Once you are on the FAFSA site, you will be guided you through the steps you need to take to complete your application, including how to make your FSA ID, add FAFSA deadlines to your calendar, gather the correct documents, and use the IRS Data Retrieval Tool.
An overview of the financial aid options available through the FAFSA:
- Grants and scholarships: There are four types of federal grants, including the Pell Grant, for undergraduate students with financial need. Go to the Massachusetts Department of Higher Education (www.mass.edu) to see what state grants are available to you. The federal government doesn’t offer scholarships, but colleges use the FAFSA to award money, and many private scholarship funds also require applicants to submit the FAFSA.
- Student loans: There are several types of federal student loans, including both subsidized and unsubsidized direct loans, often called Stafford loans, and PLUS loans, which are for parents and graduate students. Some states have loan programs too, but borrow federal student loans first. They typically offer more generous benefits, including the ability to make payments based on your income.
- Work-study: If you have a financial need, you can get a job on or near campus to cover some of your college costs through a federal work-study program. After you accept work-study funds offered in your aid package, it’s up to you to get a job that qualifies for the program and work to earn the money.
Three deadlines to consider when dealing with the FAFSA:
- Federal Deadline: Online applications must be submitted by midnight (CST), June 30. Any corrections or updates must be submitted by midnight (CST), Sept. 15.
- State Deadline: The deadline for Massachusetts is May 1 by midnight (CST).
- College Deadline: Check with the college(s) you are interested in attending. It is also important to check in with your college about its definition of an application deadline, whether it is the date the college receives your FAFSA, or the date your FAFSA is processed.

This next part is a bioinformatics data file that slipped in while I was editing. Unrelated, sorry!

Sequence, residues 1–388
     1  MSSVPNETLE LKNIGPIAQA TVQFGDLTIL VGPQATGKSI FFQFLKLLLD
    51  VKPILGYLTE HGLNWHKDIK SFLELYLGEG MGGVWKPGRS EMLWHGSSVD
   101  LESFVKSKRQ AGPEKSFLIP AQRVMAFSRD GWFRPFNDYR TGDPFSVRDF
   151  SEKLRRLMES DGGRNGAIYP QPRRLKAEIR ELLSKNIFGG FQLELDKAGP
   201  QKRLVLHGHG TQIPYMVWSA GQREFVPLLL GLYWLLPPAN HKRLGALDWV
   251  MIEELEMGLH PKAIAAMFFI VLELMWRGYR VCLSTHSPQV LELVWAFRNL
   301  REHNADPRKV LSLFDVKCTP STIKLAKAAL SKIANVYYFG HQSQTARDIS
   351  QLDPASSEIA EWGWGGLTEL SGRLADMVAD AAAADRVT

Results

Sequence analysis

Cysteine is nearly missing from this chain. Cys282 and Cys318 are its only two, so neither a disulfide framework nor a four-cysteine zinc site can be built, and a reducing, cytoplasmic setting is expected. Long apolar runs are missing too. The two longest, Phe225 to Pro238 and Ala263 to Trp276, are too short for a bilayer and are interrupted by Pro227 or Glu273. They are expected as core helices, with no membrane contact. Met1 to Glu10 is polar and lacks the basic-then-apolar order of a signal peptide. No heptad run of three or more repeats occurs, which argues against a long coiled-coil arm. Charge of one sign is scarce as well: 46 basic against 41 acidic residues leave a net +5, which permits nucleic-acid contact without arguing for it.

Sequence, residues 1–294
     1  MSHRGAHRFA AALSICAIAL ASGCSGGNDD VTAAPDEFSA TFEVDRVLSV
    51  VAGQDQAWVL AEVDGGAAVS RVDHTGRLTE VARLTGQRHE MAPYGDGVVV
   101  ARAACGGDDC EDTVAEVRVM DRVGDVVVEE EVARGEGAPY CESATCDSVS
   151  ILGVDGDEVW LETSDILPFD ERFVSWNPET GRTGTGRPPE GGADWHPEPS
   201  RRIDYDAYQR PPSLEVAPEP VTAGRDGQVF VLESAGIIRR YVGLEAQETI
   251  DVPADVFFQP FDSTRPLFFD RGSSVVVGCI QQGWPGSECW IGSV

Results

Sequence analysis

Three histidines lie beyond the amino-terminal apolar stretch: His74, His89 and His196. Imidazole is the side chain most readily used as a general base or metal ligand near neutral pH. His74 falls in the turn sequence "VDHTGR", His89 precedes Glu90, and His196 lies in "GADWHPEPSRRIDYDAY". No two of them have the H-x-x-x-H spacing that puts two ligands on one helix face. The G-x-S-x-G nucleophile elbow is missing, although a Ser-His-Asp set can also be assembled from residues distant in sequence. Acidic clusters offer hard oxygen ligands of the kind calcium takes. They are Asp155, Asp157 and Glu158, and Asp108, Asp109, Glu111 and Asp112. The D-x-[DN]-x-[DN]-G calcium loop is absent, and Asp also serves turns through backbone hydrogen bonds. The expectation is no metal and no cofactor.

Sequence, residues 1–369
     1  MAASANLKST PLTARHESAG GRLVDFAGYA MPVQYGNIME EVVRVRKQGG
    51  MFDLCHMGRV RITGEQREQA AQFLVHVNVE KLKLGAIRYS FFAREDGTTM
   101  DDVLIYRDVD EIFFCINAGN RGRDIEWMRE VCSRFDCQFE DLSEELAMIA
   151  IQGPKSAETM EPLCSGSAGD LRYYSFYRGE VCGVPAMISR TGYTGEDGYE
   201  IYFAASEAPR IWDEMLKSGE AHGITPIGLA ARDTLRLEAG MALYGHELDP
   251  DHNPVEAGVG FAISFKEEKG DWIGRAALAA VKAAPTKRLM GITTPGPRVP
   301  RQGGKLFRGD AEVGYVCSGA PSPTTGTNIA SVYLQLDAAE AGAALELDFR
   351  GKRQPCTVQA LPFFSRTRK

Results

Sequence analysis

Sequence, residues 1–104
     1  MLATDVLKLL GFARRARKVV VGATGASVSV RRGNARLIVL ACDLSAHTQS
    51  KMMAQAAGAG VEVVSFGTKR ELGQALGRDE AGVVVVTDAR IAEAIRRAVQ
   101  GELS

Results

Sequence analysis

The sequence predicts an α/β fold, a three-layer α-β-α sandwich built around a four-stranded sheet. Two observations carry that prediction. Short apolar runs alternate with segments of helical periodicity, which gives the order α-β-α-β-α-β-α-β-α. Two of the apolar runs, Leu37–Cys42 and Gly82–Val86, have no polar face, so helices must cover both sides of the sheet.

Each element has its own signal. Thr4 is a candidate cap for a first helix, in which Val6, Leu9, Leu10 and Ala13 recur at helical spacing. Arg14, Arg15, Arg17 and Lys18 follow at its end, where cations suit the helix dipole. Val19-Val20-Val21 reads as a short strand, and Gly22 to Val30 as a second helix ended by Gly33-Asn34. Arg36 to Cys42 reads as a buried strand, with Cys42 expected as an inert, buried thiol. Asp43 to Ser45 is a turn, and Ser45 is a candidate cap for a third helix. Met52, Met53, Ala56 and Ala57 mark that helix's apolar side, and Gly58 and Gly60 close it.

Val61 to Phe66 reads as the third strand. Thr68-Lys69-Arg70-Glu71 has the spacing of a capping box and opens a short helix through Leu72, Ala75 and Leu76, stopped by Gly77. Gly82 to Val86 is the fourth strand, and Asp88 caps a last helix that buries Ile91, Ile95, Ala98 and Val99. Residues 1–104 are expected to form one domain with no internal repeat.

Two important FAFSA changes taking effect this year:
- The form became available three months earlier than it had previously, in October instead of January. Access for the FAFSA for the 2017-18 school year began Oct. 1, giving students more time to apply for aid.
- Families can use their prior-prior year tax information to complete the form instead of the prior year’s tax information. That means using 2015 tax information instead of 2016 tax information to complete the 2017-18 form. This allows families to file the FAFSA before they file their previous year’s taxes.
It’s important to carefully read the Financial Aid section on the website for each college. While all colleges use the FASFA, each individual school may have other forms they also use. We recommend having a separate folder for each school, and also setting up a calendar where you can keep track of scholarship, aid and FAFSA deadlines.
What is a college scholarship?
A scholarship is an award of financial aid for a student to further their education and is awarded based upon various criteria, which usually reflect the values and purposes of the donor or founder of the award. Scholarship money is not required to be repaid, similar to grants. Scholarships are often awarded on the basis of academic merit (great grades, community service, a great all-around story). Athletic and talent scholarships are also based on merit and not need. Generally, students do not have to apply for merit scholarships as the admissions team awards them at their discretion.
Finding the right scholarship: